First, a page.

Using green building materials is a great way to lower your environmental impact. Here are 3 energy-efficient building materials that we recommend for every home project. Source: Pixabay

Using green building materials is a great way to lower your environmental impact. Here are 3 energy-efficient building materials that we recommend for every home project. Source: Pixabay

If you’re concerned about the impact you’ll have on the environment when building your home, then you should strongly consider using energy-efficient building materials. The following are three energy-efficient building materials that we highly recommend for every home project:

  1. Recycled steel – Wood is not a very environmentally-friendly option, and a house that’s 2,000 square feet large would require between 40 and 50 trees to build. Instead, use customized recycled steel beams and panels, which also happen to be incredibly durable and resistant to high winds.
  2. Cool roofing – Cool roofing materials tend to be a little more expensive, but they help reflect heat during the summers, helping to keep your home cool and efficient. This helps cut down on that expensive electricity bill.
  3. Insulating concrete forms – These are basically concrete walls that are cast in place and that are inserted between two layers of insulation. Insulated concrete forms can end up cut down your energy usage by 20 percent.

These are just a few of the green home building materials that we recommend you use for your home building project. For all of your home building needs, be sure to contact us at Trilogy Builds today.

Given the mounting interest in green building, it should come as no surprise to learn that non-profits such as the Cradle to Cradle Products Innovation Institution are sponsoring the push to create better building materials. One of the exciting building materials to receive encouragement from its efforts is self-repairing concrete.

Self-Repairing Concrete


In short, the self-repairing concrete is normal concrete that has been mixed with bacteria that has been engineered to be capable of surviving in arid conditions. As the bacteria run through their biological processes, their bodies expel calcium carbonate as a waste product, which is the same substance seen in limestone. Over time, the calcium carbonate serves to fill in the cracks that can open up in concrete, thus extending its period of usefulness far past its normal length.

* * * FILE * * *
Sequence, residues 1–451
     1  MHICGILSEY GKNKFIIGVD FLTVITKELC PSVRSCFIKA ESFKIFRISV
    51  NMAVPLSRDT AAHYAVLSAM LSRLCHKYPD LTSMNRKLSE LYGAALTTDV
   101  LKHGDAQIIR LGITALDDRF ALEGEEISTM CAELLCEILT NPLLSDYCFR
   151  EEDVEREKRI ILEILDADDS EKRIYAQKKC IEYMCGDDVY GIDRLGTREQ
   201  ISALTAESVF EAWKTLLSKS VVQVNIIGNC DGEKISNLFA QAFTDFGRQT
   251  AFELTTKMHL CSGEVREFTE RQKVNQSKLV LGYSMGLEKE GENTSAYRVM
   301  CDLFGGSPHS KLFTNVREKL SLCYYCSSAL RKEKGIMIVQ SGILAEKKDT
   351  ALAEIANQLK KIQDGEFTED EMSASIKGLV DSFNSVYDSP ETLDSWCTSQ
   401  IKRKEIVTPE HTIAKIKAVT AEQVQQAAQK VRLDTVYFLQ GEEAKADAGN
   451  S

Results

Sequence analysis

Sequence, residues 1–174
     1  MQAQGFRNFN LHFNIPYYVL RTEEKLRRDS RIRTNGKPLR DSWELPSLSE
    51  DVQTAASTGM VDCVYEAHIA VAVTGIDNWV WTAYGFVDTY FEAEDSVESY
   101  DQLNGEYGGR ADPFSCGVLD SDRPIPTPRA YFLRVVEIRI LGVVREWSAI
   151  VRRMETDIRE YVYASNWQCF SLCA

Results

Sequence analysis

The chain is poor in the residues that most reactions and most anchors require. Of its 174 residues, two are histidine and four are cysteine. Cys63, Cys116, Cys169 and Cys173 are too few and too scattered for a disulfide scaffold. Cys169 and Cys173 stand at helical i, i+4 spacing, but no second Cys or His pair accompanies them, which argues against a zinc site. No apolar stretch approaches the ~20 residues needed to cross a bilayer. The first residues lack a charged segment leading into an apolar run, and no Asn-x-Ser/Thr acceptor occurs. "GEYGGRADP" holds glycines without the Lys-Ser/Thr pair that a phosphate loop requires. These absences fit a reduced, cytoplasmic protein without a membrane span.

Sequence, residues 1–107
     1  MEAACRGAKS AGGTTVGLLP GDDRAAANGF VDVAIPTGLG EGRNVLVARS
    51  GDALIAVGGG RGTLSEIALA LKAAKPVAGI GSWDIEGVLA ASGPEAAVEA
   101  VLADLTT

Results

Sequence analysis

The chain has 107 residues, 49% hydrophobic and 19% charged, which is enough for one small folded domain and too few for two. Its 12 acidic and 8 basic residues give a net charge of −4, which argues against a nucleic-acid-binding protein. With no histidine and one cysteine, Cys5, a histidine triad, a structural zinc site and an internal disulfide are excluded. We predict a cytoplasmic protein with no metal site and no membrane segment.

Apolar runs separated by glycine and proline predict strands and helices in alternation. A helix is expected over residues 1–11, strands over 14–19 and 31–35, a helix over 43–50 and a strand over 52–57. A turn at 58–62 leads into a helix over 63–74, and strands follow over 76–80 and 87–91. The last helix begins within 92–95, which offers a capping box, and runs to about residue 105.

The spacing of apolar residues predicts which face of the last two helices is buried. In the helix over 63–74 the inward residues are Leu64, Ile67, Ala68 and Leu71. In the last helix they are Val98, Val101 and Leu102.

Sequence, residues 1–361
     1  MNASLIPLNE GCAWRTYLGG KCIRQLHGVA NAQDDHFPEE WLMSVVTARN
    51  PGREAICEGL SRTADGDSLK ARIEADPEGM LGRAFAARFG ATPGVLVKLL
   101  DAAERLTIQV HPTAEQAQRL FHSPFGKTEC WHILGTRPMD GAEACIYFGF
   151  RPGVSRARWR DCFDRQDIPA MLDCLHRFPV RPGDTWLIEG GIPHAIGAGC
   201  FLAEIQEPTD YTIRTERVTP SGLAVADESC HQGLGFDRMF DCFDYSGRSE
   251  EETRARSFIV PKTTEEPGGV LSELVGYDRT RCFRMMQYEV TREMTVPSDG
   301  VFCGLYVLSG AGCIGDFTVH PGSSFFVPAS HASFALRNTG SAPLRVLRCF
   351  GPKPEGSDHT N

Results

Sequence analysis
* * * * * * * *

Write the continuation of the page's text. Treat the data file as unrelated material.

However, the same challenge that led to self-repairing concrete has also produced a number of other interesting possibilities. Examples include both bacteria-made bricks that use minimal inputs and mushroom-based insulation that can be cultivated right into the spaces between walls. Although some of these building materials are still in their earliest stages, their current performance carries much promise for the future.

Please contact us for more information about green home building practices.

Demand For Certified Lumber, Recycled Content Concrete, Green Floor Coverings, And Other Efficient Fixtures Will See Double-Digit Growth Through 2015.

International business research company The Freedonia Group released an industry forecast detailing the growth of demand for green building materials through 2015. According to the report, U.S. demand for green building materials (products which can contribute to LEED credits) will expand 13% annually through 2015, generating sales of more than $70 billion.

The report is entitled “Green Building Materials,” and is available for purchase on the company’swebsite. It predicts that the demand for green building materials will outpace the growth of building construction expenditures. While this demand will support gains in the construction market, a bigger driver will be the expected rebound in the construction market after low 2010 levels.

Among green building materials, the fastest growing product will be Forest Stewardship Council (FSC)-certified lumber and wood panels. The largest value gains will be seen in concrete products with recycled content, not only because their use will reduce the volume of waste sent to landfills, but because the concrete itself often performs better than traditional concrete. Green floor coverings (including Green Label Plus-certified) account for almost 25% of total market in 2010 and are expected to increase at a double-digit rate annually through 2015.

Efficient plumbing and lighting fixtures are also expected to post double-digit gains through 2015. This is due to improved efficiency, environmental concern, increases in building codes, and the rebound in the construction market.

The report analyzes historical market demand and forecasts for 2015 and 2020 by product, market, and region. The study also considers market environment factors, assesses the industry structure, evaluates company market share, and profiles 39 U.S. companies.

View a summary of the study (PDF).

Source: Consulting Specifying Engineer Mag

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